Dr. Patrice Bouyer
Arts and Sciences
Candida albicans (C. albicans), an opportunistic pathogen, lives symbiotically within the intestine of its human host. Temperature and chemical factors have been shown to induce a morphological change in C. albicans from yeast to filamentous form turning C. albicans pathogenic. In this study, we investigated the intestinal cues that might be responsible for the change. We found that different solid media impact the morphological phenotype so we focused on characterizing these before further testing. We tested Estradiol (E2) because of its known linkage to sepsis and higher levels during infections. Experiments were conducted to compare solid agar plates of YEPD, Minimal Media (MM), and Spider Media (SP) for C. albicans growth to choose the best one for further testing with E2 and other factors that could be prone to causing morphological changes.
C. albicans was inoculated through streak method on different solid media (YEPD, MM, SP) and incubated at 30℃. The effect of 0.1nM E2 on C. albicans morphology was also tested. Morphological changes were assayed through bright-field microscopy.
Using the three different medias, we found three distinctive phenotypes: A, B, and C. Out of 6 experiments of 14 MM plates, the expressed phenotype was 86% A and 14% inconclusive of the time. 8 experiments of 17 SP plates showed 100% of phenotype B. 6 experiments of 14 YEPD plates presented phenotype C 92% of the time and 8% inconclusive. For E2 trials, 2 experiments, 6 MM plates showed 50% phenotype A and 50% inconclusive. 4 experiments, 10 SP plates had phenotype B 100%. YEPD 2 experiments, 2 plates had phenotype C at 100%.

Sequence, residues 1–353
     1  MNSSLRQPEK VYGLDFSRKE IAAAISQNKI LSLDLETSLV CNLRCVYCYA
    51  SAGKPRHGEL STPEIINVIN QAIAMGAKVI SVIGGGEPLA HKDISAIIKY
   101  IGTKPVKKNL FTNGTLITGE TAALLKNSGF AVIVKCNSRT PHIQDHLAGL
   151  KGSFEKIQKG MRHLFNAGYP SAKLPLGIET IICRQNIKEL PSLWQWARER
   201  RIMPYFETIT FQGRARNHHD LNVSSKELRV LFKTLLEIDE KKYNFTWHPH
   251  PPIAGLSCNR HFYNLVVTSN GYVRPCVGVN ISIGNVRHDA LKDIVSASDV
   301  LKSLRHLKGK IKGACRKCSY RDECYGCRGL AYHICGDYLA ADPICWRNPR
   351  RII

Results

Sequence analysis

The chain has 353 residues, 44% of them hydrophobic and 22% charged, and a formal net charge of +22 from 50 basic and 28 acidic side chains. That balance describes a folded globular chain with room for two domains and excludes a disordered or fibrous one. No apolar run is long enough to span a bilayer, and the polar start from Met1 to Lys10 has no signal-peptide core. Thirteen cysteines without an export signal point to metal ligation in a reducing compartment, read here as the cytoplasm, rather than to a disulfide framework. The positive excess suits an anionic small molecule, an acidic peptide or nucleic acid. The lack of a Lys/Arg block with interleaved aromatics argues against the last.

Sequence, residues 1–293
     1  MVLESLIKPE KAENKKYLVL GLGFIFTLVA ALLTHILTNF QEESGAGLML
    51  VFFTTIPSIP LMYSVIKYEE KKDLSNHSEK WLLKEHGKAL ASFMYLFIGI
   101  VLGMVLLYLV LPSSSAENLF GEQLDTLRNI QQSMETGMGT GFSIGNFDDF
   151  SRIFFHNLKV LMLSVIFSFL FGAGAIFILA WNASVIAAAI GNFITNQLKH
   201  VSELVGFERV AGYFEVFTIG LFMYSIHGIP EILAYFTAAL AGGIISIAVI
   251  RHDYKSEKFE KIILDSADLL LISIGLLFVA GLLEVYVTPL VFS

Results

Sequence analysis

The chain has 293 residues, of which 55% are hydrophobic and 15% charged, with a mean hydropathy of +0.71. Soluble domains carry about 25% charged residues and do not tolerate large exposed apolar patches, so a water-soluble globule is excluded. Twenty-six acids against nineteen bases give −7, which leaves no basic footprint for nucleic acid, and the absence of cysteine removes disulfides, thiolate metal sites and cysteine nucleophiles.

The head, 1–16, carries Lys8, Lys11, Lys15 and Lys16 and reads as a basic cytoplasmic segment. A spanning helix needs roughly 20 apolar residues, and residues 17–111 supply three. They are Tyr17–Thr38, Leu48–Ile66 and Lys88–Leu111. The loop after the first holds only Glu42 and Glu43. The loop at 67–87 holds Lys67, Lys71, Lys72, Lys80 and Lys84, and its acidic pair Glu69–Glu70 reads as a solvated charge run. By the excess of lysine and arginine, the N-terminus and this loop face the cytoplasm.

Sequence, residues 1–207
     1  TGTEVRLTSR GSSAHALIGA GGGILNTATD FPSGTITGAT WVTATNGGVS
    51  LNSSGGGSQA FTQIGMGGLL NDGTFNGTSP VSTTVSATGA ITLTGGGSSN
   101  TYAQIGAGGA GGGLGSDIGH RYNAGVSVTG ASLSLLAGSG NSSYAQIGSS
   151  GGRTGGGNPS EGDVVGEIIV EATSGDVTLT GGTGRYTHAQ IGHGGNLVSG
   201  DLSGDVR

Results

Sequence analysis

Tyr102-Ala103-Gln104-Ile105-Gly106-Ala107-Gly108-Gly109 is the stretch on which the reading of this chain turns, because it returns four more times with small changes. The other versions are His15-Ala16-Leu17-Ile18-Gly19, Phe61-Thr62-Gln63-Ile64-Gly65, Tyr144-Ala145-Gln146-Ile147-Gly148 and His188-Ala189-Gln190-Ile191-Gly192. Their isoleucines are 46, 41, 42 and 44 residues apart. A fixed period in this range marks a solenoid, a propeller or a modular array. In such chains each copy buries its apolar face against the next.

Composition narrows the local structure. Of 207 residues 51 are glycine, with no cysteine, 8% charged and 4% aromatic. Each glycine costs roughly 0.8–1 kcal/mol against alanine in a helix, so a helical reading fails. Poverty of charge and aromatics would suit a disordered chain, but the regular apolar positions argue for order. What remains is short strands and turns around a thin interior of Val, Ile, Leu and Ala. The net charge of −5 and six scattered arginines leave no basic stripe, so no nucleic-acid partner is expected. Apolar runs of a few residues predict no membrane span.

We have established experimental conditions of media controls for further testing whether E2 and other cues, such as inflammatory cytokines, have inhibitory or positive effects on the growth of C. albicans.
Zachara, Idalia Z.; Camp, Paige M.; Bouyer, Patrice G.; and Watters, Michael K., "Effect of Media and Estrogen on Morphological Change in Candida albicans" (2020). Symposium on Undergraduate Research and Creative Expression (SOURCE). 891.